U.S. Senator John McCain, R-Ariz., passed away Saturday at age 81.
McCain had served in Congress since first winning election to the House in 1982, and then the Senate in 1986. He ran for president in 2000, then again in 2008, when he secured the Republican nomination, chose Sarah Palin as his running mate, and was bested by then-Senator Barack Obama in the general election.
McCain had the reputation of a bipartisan negotiator on domestic policy, having co-authored the McCain-Feingold campaign finance reform law, and a supporter of a strong and active military in foreign policy.
The son and grandson of Navy admirals, he was a pilot during the Vietnam War, was shot down, and spent five years in a prison camp.
McCain is survived by his wife, Cindy, and five children. He will lie in state at the Arizona capital on Wednesday, the day he would have turned 82.
Here are reactions from various family members, and religious and political leaders.
"My heart is broken. I am so lucky to have lived the adventure of loving this incredible man for 38 years. He passed the way he lived, on his own terms, surrounded by the people he loved, in the the place he loved best."
"My father is gone, and I miss him as only an adoring daugher can. but in this loss, and in this sorrow, I take comfort in this: John McCain, hero of the Republic and to his little girls, wakes today to something more glorious than anything on this earth. Today the warrior enters his true and eternal life, greeted by those who have gone before him, rising to meet the Author of All Things: 'The dream is ended: this is the morning.'"
"John McCain was a hero. He was tortured for his country, and stood up to his captors with courage. Ever since, he's stood up for the ideals of democracy and freedom at home and around the world.
"His death is an incalculable loss for our nation."
"I had many face to face meetings with Senator John McCain. Sometimes we agreed. Sometimes we were on opposite sides of an issue.
"But I always knew that Senator McCain would be forthright and would not burn bridges so that there was no hope for future cooperation.
"I respect a man who will tell you the truth and will listen with civility the next time.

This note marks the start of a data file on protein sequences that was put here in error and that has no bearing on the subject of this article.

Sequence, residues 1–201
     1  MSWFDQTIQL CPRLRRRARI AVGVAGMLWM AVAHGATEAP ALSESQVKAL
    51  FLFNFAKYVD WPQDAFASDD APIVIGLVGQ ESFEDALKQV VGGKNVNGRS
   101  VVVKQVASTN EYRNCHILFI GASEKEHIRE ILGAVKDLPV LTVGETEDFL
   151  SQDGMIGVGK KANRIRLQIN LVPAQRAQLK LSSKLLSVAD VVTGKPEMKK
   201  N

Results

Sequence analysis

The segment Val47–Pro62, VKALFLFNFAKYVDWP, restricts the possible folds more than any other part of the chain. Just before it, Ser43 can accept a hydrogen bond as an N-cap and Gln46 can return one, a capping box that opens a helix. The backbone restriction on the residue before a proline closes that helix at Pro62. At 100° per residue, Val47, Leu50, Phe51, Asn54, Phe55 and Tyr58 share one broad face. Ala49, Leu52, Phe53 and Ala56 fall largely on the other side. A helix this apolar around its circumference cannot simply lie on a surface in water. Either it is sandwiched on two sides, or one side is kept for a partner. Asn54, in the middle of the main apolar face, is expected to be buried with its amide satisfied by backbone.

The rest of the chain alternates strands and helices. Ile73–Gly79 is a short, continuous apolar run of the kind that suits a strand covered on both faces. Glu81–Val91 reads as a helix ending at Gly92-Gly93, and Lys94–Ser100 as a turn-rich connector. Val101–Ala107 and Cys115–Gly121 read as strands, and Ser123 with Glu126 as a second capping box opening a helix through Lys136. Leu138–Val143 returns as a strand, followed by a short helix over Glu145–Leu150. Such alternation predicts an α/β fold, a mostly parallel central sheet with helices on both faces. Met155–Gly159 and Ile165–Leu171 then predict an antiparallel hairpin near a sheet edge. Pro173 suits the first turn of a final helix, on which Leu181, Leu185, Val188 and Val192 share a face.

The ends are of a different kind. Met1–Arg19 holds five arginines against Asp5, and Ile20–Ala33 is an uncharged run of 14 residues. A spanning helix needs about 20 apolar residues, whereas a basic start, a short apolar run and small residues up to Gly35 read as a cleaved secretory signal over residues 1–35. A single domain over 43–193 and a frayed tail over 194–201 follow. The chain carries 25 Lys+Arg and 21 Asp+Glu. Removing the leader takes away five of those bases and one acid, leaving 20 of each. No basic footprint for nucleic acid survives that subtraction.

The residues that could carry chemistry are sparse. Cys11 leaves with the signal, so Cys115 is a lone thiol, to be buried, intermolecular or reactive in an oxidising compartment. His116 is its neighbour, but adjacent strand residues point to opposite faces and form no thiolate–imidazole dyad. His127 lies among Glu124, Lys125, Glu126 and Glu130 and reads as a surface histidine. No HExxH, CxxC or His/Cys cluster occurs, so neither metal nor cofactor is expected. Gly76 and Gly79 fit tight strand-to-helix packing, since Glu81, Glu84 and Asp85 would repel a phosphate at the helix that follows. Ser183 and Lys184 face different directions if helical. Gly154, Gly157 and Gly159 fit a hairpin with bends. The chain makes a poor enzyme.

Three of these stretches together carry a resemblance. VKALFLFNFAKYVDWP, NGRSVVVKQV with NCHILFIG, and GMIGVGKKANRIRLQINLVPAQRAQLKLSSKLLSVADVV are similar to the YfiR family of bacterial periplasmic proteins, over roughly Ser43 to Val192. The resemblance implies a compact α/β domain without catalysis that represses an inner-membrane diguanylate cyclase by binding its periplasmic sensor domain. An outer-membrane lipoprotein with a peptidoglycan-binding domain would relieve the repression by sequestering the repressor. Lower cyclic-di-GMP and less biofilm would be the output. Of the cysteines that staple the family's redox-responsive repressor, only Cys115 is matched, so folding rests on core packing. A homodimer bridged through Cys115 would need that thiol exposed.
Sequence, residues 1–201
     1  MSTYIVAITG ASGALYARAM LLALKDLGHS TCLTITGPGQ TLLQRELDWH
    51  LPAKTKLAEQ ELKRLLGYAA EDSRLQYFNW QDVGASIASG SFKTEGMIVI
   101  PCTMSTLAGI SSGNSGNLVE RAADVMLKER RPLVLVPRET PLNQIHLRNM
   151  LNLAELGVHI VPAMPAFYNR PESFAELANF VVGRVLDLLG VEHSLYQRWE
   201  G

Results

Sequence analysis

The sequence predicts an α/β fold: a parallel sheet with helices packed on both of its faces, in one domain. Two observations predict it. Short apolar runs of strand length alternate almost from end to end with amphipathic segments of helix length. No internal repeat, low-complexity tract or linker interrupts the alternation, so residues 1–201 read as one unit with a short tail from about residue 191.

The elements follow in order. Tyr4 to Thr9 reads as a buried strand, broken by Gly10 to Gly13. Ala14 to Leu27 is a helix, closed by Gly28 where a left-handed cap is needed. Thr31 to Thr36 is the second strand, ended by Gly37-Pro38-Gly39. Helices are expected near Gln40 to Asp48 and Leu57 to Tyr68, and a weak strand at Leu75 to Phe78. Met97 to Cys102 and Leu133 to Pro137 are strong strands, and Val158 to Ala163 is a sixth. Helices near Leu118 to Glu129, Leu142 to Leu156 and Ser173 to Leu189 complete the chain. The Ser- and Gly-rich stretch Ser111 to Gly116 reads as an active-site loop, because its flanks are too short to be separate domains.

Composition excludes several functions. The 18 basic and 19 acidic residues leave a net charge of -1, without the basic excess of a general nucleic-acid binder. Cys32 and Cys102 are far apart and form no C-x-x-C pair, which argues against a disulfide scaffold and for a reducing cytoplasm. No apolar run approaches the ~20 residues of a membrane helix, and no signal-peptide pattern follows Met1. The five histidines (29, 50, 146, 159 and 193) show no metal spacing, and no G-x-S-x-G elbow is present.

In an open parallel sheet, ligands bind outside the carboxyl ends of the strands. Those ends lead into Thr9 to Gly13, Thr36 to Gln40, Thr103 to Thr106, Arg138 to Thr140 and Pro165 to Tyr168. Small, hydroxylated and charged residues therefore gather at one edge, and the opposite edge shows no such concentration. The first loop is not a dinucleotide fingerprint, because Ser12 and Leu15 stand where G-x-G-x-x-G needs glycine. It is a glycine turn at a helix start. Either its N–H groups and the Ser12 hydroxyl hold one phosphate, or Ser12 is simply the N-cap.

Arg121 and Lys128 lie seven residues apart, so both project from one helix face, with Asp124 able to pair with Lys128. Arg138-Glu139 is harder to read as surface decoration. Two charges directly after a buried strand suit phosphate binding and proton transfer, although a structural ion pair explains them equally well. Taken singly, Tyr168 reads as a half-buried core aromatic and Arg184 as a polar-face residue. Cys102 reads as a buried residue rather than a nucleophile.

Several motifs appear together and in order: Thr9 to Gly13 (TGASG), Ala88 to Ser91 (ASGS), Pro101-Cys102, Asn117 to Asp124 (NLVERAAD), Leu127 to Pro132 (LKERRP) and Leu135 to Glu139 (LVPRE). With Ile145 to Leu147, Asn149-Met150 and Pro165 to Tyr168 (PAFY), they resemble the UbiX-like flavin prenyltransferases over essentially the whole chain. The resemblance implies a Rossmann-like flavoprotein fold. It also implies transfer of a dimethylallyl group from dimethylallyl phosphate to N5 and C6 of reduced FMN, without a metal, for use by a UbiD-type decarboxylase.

"I always enjoyed our interactions and I fully respected him. He served with civility and honor."
"Today we lost an American original. Sen. John McCain was a maverick and a fighter, never afraid to stand for his beliefs. John never took the easy path in life - and through sacrifice and suffering he inspired others to serve something greater than self. John McCain was my friend. I will remember the good times. My family and I send prayers for Cindy and the McCain family."
"John McCain and I were members of different generations, came from completely different backgrounds, and competed at the highest level of politics. But we shared, for all our differences, a fidelity to something higher -- the ideals for which generations of Americans and immigrants alike have fought, marched, and sacrificed. We saw our political battles, even, as a privilege, something noble, an opportunity to serve as stewards of those high ideals at home, and to advance them around the world. We saw this country as a place where anything is possible -- and citizenship as our patriotic obligation to ensure it forever remains that way.
"Few of us have been tested the way John once was, or required to show the kind of courage that he did. But all of us can aspire to the courage to put the greater good above our own. At John's best, he showed us what that means. And for that, we are all in his debt. Michelle and I send our most heartfelt condolences to Cindy and their family."
"My deepest sympathies and respect go out to the family of Senator John McCain. Our hearts and prayers are with you!"